At this early stage in the year, the United Nations Security Council (UNSC) has [already] witnessed a number of developments which have given some [parties] reason for optimism regarding the potential referral of the Syrian crisis to the UNSC. These include the conclusion of Lebanon's temporary membership term, which lasted for two years, as well as the end of Brazil’s membership term. In fact, when there had been talk of the referral of the Syrian crisis to the UNSC [last year], the [positions] of these two countries were complicated and intransigent. They have been replaced by Morocco and Guatemala, whose positions [on the Syrian crisis] are much closer to those held by the West.
According to some, other factors give [further] grounds for optimism, namely the end of Russia's presidency of the Council in December and its [the beginning of] South Africa’s [presidential term]. In fact, during its term [as UNSC President], Russia had presented a new draft resolution on Syria to the Security Council. This draft was to a certain extent welcomed by Western countries, which nevertheless expressed a desire to discuss and amend it. According to the West, the regime and the opposition should not have been treated as equals.
But despite these new developments, diplomatic sources say that, despite the ongoing efforts of some Western countries, the Syrian crisis is unlikely to be discussed at the UNSC - at least for now. In fact, Russia appears to have put forward its draft resolution merely so as to pressure the Syrian regime to accept the Arab initiative and apply its terms in order to prevent the internationalization [of the crisis]. [Internationalization would have] embarrassed [Syria’s] allies - especially Russia and China - given that the [Syrian] regime had refrained from responding to any initiative.
Consequently, Russia has not yet shown any willingness to submit this draft for discussion among members of the Security Council. This complicates the transmission of the Syrian crisis to the UNSC, especially considering that Russia still feels, along with some Arab states, that the Arab initiative has not yet exhausted all its chances and that it has gaps that need to be bridged prior to the referral of the crisis to the UNSC. According to them, the League should take responsibility for the inexperience and non-proficiency of its observers, just as the Syrian regime should take responsibility for not responding to the initiative. The contradiction in the Arab position enables Russia to give the regime the benefit of the doubt - until further notice.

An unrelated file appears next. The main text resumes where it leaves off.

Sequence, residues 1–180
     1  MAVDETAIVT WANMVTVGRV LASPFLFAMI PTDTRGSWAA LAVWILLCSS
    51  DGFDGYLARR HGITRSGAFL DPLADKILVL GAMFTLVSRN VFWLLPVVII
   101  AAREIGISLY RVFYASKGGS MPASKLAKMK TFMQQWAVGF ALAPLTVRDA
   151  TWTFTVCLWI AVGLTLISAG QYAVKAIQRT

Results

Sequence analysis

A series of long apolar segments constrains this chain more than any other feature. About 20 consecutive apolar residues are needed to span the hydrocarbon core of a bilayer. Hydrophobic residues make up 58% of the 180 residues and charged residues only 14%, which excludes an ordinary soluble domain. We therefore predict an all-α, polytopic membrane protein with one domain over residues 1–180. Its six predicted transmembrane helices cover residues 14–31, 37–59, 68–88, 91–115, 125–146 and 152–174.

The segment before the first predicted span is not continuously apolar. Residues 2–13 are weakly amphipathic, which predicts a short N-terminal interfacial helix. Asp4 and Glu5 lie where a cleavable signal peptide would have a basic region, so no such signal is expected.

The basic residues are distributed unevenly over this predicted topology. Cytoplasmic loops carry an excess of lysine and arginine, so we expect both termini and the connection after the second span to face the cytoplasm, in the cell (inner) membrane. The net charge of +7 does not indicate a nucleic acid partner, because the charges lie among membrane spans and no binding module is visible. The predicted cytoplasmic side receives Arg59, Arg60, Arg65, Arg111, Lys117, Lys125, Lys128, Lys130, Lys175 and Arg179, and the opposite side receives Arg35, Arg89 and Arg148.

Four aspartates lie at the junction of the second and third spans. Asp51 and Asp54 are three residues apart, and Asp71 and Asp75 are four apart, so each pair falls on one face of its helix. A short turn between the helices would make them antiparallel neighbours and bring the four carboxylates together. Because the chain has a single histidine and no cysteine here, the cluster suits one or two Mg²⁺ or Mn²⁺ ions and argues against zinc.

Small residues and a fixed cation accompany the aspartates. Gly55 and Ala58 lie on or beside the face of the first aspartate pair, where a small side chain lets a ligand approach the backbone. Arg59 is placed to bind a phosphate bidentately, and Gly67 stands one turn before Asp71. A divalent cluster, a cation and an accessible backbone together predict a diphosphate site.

In light of a number of factors, different views emerge. Some say that the European Union (EU) is upset about the fact that the US is not equally enthusiastic about referring the Syrian crisis to the UNSC, and that there is no strong cooperation and coordination between the US and the EU at the UNSC over this matter, due to the concerns raised at the UN by the US regarding other continents. Regardless, in the media the Americans are voicing a strong desire to refer the Syrian crisis to the UNSC and impose harsh sanctions against the regime, forcing it to put an end to repression.
Some say that there is no strong US position on this matter. On the one hand, this could indicate that Washington is finding it difficult or even impossible to achieve its goals. On the other, it may demonstrate that the US is taking a host of relevant considerations into account, including - according to some sources - a desire to know who will replace Syrian President Bashar al-Assad - not formally, but in reality; as well as the composition of the ministerial cabinet and the office of Prime Minister. However these matters have yet to be decided, and the Syrian opposition is not helping Western countries [to resolve these questions]. Moreover, these sources indicate, at their own discretion, that no direct contacts have so far been made between Washington and the Muslim Brotherhood in Syria; rather only indirect contacts were [established]. The sources add that Washington is unwilling to relive the experience of Iraq in Syria for many reasons, including the difficulty of recovering from the fragmentation of the army and the collapse of [state] institutions.
Others say that there is an attempt to win the Syrian regime through the Russian and Chinese support of the reforms it says it wants to start implementing this year, as stated in the letter it sent to the UNSC after the two blasts carried out in Damascus on December 23. It said that “whenever new laws and serious reformist measures are taken in Syria, there is an escalation [of regional tensions] and pressure begins to increase, be it on the media or the political level." Moreover, the Syrian regime declared its intention to "complete the promising reform program currently underway."
This claim - which Russia is deeply willing to be convinced of - infers that the observer mission and the Arab initiative will yield increasingly positive results. In fact, the two belligerent parties could benefit from this equation. For its part, the opposition could benefit given the availability of conditions that could further weaken the system as well as the emergence of alternatives. The system, however, can benefit from this equation given the additional opportunity it will be given to prove its ability to incorporate the reforms it has committed to implementing during the elections this coming February.
Within this context, the resolutions of the Arab foreign ministers following the UNSC consultation session to be held tomorrow, Tuesday [10 January 2012], seem like part of the pressure being placed on the Syrian regime to respond to the [Arab League] initiative - unless new factors suddenly emerge and manage to alter this equation.